I wish I had written down the names of every person that helped me. Every time I arrived at camp a guide took my pack and showed us to the tent. All the times our water bottles were filled several times a day- which required a huge amount of work with boiling and FINDING the water. 

All the times Leslie and I were "alone" on the hike but a guide/porter/support person would then lead us until the end. (Hello Anton!) 

The support and steadfastness of Jenny. Good Lord I know I couldn't have done it without you. You were our rock!

So much more I'm sure I'll remember later. . .
For now, this is it.
In the end, I feel a great love for Africa. I did not anticipate this at all. Life back home now feels more artificial to me, important things aren't really that important to be honest. I'm reminded once again, all that matters is family- being safe, fed, sheltered, loved, and secure. That's it. 

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I hope you'll journey to Africa. 
Make travel a priority rather than buying "things". 

It gives such perspective on e v e r y t h i n g. 



Some of you already know I'm traveling to Africa today to climb Kilimanjaro. This has been a bucket list item for me for at least a decade. The timing is never "right" -so I decided to just book it and GO. 

I've trained since January for this hike. Before that I was running races, weight lifting, and so on. Before that many mannnnyy moons ago I was a triathlete and bike racer, I swam in University, and other things. I'm NOT a spectacular athlete. I'm probably more likely "below average".  I say this not for pity, but to make a point.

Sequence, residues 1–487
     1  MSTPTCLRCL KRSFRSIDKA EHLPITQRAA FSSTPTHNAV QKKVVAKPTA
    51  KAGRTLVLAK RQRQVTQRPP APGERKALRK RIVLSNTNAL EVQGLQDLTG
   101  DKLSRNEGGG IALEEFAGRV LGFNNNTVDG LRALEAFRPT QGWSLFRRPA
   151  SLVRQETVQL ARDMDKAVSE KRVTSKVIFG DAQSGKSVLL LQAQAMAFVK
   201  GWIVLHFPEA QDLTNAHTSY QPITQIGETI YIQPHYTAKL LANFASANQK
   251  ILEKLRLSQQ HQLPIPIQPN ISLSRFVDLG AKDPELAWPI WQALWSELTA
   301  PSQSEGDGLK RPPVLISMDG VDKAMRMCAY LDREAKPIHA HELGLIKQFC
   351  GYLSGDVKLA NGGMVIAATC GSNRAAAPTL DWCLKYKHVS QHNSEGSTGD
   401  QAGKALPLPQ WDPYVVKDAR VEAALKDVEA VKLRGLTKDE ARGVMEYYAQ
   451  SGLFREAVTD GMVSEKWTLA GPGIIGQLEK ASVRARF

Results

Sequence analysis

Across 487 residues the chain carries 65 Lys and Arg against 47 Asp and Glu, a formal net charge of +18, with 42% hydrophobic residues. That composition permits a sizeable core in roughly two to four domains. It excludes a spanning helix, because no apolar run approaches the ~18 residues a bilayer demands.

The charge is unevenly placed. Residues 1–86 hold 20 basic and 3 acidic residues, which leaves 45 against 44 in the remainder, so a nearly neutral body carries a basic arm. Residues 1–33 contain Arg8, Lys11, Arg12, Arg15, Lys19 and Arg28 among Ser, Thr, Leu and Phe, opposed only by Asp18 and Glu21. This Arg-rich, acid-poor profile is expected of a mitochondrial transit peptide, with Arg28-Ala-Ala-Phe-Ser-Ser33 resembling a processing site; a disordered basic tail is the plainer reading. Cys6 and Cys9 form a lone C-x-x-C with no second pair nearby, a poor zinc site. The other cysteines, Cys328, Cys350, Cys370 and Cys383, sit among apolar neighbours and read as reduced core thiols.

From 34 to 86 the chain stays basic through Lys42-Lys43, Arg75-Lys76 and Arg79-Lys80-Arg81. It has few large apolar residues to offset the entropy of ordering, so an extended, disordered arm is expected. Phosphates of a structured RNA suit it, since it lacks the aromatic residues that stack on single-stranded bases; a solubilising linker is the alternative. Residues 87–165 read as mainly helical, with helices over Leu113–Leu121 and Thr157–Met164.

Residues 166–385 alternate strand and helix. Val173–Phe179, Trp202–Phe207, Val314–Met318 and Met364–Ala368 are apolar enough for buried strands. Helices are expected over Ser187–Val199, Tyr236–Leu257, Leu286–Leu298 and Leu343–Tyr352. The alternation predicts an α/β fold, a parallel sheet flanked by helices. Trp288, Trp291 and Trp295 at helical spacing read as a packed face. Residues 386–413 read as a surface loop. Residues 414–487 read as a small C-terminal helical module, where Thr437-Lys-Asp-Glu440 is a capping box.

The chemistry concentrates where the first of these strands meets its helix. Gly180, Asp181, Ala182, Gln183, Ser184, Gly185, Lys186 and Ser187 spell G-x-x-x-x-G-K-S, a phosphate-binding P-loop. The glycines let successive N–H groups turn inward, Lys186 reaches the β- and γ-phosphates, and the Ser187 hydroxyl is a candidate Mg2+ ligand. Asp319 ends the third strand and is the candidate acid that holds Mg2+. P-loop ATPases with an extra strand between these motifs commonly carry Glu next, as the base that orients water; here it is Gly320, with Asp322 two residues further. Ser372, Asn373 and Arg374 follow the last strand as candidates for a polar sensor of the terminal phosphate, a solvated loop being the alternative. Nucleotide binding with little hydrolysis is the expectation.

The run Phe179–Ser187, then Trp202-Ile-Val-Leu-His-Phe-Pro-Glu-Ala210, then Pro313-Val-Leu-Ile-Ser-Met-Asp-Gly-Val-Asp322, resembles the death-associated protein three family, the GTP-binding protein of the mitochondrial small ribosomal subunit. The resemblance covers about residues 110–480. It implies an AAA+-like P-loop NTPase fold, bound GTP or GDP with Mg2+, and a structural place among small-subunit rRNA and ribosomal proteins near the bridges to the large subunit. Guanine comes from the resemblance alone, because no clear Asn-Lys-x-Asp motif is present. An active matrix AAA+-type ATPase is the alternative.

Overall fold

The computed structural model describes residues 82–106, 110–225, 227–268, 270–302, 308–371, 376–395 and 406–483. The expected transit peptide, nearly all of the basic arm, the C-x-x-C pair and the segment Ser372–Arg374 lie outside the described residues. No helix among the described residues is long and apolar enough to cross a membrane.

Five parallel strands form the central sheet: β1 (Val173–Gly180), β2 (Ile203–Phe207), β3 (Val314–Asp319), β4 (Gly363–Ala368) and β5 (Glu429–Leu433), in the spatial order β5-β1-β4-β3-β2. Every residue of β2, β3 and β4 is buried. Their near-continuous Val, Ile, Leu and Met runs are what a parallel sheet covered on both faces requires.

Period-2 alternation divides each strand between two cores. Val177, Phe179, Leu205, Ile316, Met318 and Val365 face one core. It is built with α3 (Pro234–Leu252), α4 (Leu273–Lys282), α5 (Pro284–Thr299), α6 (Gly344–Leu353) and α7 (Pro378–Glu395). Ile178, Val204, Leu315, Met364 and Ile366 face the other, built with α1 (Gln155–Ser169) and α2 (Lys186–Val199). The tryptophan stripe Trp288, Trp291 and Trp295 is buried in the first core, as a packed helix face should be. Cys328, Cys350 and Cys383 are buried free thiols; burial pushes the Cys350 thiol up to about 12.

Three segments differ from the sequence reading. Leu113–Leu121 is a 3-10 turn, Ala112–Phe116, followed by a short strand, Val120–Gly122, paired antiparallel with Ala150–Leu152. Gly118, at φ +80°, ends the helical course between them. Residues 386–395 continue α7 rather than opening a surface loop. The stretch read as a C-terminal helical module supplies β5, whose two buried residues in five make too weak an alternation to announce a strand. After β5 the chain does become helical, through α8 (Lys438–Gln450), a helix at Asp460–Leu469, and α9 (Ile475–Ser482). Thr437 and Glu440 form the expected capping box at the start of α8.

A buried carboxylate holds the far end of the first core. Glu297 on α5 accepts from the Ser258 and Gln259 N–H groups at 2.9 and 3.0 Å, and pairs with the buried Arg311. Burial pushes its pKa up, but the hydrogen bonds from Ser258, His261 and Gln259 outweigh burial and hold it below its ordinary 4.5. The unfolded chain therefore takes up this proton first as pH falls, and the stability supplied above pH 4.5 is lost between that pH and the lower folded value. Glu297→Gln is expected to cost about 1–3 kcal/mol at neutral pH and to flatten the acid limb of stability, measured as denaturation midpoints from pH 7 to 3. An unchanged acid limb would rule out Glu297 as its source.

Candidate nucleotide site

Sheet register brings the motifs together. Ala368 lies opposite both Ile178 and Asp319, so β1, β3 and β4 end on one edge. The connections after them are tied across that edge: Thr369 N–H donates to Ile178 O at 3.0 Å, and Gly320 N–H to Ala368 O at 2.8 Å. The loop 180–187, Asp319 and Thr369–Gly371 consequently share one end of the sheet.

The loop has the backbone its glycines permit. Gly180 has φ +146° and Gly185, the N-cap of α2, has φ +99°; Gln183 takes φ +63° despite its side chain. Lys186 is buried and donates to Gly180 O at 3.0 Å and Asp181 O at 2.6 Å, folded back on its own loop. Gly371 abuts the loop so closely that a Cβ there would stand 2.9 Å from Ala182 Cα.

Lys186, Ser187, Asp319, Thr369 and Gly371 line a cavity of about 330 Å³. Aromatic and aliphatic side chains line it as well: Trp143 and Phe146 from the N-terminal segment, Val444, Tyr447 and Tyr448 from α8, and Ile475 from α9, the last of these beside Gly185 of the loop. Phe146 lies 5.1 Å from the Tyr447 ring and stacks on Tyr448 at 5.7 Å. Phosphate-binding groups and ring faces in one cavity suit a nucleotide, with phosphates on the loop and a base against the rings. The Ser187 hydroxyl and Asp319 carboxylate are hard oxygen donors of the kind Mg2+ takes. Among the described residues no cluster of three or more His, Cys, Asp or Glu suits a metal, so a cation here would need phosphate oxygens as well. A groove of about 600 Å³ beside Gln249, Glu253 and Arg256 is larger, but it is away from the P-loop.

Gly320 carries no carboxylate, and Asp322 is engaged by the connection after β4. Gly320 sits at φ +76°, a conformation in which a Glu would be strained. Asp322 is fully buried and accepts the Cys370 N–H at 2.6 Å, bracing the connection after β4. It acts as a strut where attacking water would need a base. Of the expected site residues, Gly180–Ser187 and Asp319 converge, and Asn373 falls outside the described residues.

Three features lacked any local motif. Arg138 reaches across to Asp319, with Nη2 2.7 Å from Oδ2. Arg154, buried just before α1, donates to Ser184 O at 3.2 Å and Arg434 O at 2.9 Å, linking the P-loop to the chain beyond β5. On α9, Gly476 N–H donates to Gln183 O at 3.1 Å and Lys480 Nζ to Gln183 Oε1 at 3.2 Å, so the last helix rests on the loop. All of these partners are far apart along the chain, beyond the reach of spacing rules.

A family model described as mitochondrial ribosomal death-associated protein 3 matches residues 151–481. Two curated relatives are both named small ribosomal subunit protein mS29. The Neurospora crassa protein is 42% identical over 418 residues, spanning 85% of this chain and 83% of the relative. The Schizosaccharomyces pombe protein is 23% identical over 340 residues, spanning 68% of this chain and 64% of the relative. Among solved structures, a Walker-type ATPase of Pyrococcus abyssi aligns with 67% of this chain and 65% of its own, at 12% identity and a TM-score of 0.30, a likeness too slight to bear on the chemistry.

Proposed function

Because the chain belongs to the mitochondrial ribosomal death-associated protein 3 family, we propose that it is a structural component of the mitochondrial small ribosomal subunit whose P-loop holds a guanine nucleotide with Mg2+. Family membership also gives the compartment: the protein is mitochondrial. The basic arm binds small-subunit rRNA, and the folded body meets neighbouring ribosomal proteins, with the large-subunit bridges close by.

In High school I ran cross country- honestly I did it so I could eat junk food. I was the worst runner you can imagine-but it didn't phase me. Yes it was embarrassing and hurt my ego, but I got over it through runner's high. LOL It's true. 

Same for Swimming at University. I was not the best athlete, but I did give it EVERYTHING. EVERY SINGLE DAY.

I'm not special, I don't say all this to brag, or for you to think I'm awesome. I'm definitely not. It's so somebody out there might connect with these words, and know deep in their heart it doesn't matter how "good"you are-- it's what you put into it that really counts. 

I also live each day to the fullest I can muster. Some days that's crap. Some days it's awesome.

I'm a registered nurse, and worked in the Operating Room for years, before that about every specialty you can think of. Except pediatrics-that hurt my heart too much.  I have seen a lot, and I would never share these experiences unless asked.  

 I did a tour in Iraq in 2003-4 with the Army and that really changed my view on life BIG time. The Army is bare bones- I always tell people if you're not into "roughing it" don't go into the Army. Seriously. I slept on a cot, sweating my ass off for nearly a year. I was hungry the first six months. I cried A LOT.  We were bombed 94 nights in a row, including my first night in country and I threw up from anxiety. I thought we were going to die. When you live through that, it makes you really wake up and realize life is fleeting. It's not fair. It's too short. SO LIVE IT.

I love you all, my family and friends and the readers I don't know--I APPRECIATE YOU SO MUCH.  
I hope I'm successful in climbing Kili--but even if I'm not, 
the journey is worth it. 

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A journey of a thousand miles begins with a single step.  - Lao Tzu